Flying a Drone in the US: What you need to know.

All drone pilots must have a license and must have permission to fly in the US Airspace! These are federal rules so let me explain.

Freeland is in the MBS Airspace

There are two types of licenses you can get from the FAA in order to fly your drone legally anywhere in the US. They are called, “Recreational” and “Part 107”

In our last post we spoke about two things which define these licenses… the purpose of the flight and the weight of the drone. People who make money with their drone are considered “Part 107.” People who are flying for fun are considered “Recreational.” Regardless of the reason we are flying, we are required to follow the FAA rules. These rules are in place to provide safe use of the national airspace.

Commercial Certification

Now, don’t let all the jargon wig you out. It’s really pretty simple.

If we wanted to look at all the drone laws and regs, we would grab a massive book called The Code of Federal Regulations (CFR) and turn to Section 107. “Part 107” refers to that section of the FAA Rules and Regulations which apply to commercial drone operations. The crazy thing is, that section is only about 15 pages long! So, if a person is flying a drone commercially, they would be flying in accordance with all the regulations presented in that little Part 107 of the CFR… easy peasy. For a “Recreational Flyer” it gets even easier. More on that in a moment.

Commercial means that if you make ANY money as a result of your drone flying, the FAA considers that activity as a commercial flight or operation and it falls under the Part 107 rules. This definition can get a little tricky! Some YouTubers who publish drone videos, just for fun, are being contacted by the FAA because their YouTube channel is monetized. What does that mean? It just means that YouTube pays commissions because an ad was presented during the video and the FAA considers that “earning money” from a drone operation. Bear in mind, I am only reporting what my fellow droners are reporting and what I have heard FAA personnel say in seminars. Make sure you understand the rules on this one.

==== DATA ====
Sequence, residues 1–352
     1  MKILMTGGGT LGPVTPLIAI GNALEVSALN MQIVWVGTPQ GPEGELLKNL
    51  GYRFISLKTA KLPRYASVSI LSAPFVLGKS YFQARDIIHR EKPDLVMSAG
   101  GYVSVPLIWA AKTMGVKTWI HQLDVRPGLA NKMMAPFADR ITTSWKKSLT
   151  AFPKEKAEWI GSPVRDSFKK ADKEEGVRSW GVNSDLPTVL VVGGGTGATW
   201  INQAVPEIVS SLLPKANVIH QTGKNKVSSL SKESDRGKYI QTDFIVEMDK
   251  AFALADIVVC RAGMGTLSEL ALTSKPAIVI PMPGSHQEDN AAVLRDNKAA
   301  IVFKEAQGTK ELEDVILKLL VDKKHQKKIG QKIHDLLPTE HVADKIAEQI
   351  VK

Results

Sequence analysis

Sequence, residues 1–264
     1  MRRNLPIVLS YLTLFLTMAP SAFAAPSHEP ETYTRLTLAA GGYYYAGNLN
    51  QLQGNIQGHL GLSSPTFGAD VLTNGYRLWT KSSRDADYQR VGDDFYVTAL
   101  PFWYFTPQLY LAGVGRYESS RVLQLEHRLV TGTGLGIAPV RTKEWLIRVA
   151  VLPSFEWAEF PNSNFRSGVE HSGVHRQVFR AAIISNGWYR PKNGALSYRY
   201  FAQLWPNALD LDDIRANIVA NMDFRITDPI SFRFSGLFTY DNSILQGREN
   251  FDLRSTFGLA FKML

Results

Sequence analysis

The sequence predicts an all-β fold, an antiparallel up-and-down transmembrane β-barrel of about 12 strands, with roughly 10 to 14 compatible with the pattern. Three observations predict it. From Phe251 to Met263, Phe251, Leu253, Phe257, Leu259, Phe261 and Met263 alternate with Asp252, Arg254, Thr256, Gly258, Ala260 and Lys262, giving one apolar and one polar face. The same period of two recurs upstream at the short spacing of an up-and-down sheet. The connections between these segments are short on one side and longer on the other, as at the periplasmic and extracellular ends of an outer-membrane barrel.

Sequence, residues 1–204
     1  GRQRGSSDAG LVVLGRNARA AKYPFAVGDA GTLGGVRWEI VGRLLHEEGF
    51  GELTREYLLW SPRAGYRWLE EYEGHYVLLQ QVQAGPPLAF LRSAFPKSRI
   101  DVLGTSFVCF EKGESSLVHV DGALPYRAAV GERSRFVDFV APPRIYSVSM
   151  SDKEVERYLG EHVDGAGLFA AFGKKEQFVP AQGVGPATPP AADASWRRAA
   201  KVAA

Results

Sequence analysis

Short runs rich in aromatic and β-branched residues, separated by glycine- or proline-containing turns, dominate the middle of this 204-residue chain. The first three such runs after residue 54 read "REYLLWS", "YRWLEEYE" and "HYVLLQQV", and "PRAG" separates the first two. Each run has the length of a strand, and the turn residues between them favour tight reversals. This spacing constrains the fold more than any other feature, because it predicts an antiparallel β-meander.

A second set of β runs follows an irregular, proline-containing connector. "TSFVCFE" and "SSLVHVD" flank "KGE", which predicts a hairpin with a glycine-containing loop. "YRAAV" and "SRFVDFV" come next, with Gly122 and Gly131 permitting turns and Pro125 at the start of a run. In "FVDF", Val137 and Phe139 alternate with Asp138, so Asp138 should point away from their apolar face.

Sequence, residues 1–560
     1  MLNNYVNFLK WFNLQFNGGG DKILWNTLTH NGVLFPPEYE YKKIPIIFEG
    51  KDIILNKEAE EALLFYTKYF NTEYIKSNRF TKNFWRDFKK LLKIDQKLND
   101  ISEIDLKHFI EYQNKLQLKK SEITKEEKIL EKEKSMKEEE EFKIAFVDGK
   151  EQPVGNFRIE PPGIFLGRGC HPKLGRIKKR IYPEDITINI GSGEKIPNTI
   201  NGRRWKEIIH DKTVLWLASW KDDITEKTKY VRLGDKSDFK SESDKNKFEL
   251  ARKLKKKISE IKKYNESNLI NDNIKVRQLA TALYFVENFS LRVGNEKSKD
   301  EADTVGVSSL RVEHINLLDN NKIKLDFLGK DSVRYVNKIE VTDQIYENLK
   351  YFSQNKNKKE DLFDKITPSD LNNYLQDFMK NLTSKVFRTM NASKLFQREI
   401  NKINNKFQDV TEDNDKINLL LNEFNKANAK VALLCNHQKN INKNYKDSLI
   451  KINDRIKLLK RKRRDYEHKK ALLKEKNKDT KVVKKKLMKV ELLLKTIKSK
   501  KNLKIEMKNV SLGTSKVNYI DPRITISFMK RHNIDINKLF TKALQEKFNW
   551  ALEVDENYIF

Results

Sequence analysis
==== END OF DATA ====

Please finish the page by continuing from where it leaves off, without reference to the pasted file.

If you want to fly for money, you MUST fly under the Part 107 rules and you MUST be a licensed drone pilot! The good news is, it is not difficult to get that license. You will need study and take an FAA test. I go over everything here at if you are interested, but it is not hard and the things you learn are pretty amazing.

Recreational Certification

If we are NOT flying a drone for money, we would be flying as a “Recreational” flyer. If you only plan to fly recreationally, guess what… you still need a certificate for that type of flying too! This is called the TRUST Certificate and it is super easy to get. To get a TRUST Certificate, you take a very short class online and complete about 6 short modules. At the end of each module, you answer a few multiple choice questions about the material you just read then, you move on to the next module. My last student completed the entire class and test in about 30 minutes.

After you pass the test, you will be given a link to download your spiffy new TRUST Certificate. You should print that out, laminate it and carry with you to impress your friends, family, law enforcement and any FAA Inspector who might be passing by. Again, all the info is available at

So, bottom line. If we are flying in the US, we need a license. If we are flying in Freeland… there’s even more we need to do. We’ll begin discussing that next week.

For all the interesting details about Recreation Flying, visit the FAA Website and take a look at this advisory… it’s super helpful.







Leave a Reply

Your email address will not be published. Required fields are marked *